Startups are often all too eager to take one option over the other based on their own preconceptions. It’s important to realise that one may be more suited to one type of startup over another (and vice versa. So, understanding the points of difference could be crucial to the way in which you approach your fundraise; and how your company ends up being run down the line. So it’ll be worth your while familiarising yourself with the key points…

You can read the full article on their site here. (It’s a 5-10 min read).

Or, I’ve summarised the key differences for you here and (added in a few that they missed!):

Angel Investors:
– are private individuals investing their own money
– can make quick decisions regarding investment
– can be flexible in the amount they invest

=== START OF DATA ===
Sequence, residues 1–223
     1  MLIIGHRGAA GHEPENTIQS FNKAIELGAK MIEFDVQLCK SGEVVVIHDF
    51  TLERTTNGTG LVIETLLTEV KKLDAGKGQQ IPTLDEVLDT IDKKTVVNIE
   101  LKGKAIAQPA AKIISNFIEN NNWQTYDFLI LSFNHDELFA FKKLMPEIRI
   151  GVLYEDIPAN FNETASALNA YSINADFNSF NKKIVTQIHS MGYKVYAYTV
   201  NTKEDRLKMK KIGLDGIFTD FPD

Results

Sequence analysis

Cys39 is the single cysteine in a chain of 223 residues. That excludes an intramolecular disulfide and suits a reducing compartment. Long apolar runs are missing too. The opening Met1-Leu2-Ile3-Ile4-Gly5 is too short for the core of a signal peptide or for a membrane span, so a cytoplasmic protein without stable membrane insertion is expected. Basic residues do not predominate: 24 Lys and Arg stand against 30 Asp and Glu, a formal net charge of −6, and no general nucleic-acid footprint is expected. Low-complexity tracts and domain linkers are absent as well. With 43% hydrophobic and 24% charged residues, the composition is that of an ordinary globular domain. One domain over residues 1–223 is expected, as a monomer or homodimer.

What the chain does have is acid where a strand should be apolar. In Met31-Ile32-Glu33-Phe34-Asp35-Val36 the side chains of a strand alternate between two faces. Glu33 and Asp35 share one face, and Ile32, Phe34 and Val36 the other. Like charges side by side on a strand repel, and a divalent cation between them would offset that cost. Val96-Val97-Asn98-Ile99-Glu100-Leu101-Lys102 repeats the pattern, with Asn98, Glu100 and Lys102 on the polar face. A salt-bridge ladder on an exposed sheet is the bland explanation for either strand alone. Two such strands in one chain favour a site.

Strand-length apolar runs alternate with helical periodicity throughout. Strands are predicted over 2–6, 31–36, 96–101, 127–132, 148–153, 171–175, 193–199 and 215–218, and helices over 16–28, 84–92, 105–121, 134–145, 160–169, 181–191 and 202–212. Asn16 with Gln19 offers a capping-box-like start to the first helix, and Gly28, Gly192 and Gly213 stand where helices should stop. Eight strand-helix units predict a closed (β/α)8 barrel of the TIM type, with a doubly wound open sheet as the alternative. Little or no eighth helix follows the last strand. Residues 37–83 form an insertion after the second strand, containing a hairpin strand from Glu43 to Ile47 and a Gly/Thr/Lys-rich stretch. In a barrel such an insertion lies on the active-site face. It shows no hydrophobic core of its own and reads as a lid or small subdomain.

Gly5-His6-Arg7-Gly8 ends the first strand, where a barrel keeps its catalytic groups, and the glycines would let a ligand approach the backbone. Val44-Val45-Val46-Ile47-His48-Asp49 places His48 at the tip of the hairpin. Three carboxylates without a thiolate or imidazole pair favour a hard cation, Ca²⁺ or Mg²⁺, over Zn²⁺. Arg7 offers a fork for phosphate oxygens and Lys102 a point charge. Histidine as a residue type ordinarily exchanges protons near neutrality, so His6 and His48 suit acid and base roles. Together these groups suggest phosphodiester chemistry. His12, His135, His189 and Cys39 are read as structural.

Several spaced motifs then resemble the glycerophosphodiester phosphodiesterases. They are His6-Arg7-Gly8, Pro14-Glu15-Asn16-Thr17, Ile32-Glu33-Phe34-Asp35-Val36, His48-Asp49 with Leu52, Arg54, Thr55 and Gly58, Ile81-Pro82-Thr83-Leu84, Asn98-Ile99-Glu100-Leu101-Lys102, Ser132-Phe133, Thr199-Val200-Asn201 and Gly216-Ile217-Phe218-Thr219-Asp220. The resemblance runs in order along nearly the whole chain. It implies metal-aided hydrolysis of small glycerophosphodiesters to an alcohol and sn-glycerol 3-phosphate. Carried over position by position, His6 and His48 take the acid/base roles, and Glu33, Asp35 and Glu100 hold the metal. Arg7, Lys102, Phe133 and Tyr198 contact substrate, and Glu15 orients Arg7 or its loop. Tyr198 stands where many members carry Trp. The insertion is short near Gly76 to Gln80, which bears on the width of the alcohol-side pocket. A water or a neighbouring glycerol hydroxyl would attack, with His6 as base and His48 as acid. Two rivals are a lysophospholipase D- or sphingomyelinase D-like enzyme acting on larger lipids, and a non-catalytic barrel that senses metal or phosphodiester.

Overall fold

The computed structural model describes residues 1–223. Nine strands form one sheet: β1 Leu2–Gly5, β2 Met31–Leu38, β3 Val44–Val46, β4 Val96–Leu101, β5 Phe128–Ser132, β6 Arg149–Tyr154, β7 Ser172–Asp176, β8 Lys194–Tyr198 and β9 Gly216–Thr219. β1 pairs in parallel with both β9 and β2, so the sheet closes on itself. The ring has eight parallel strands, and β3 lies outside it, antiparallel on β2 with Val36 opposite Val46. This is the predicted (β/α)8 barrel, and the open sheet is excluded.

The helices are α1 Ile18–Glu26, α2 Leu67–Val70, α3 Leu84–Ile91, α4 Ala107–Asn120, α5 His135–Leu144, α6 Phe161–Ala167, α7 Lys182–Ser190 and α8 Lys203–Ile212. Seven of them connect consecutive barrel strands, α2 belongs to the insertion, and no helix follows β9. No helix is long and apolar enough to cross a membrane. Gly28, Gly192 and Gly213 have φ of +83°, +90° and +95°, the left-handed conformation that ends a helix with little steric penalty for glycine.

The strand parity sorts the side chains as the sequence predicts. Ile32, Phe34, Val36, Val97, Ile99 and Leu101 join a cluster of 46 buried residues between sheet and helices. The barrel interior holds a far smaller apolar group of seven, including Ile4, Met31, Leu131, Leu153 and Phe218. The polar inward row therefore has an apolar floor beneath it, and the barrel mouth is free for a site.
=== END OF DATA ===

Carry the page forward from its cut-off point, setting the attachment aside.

– can provide expertise, contacts and support as well as capital
– can feel personally attached to your business
– can be as hands-off or hands-on as you require
– can qualify for tax breaks like SEIS and EIS
– do not have to be given board positions

Venture Capital Firms:
– are whole companies that invest in startups
– are run by professional investors investing money from corporations, individuals, funds and foundations
– take board positions and have a strong say in how the company is managed and grown going forward
– invest much larger amounts than angel investors
– do not usually invest at seed stage
– generally invest not less than £1million
– take a longer time to make investment decisions and broker deals

What’s your take on the issue? Do you have any experiences you’d like to share? Comment below or hit me up on Twitter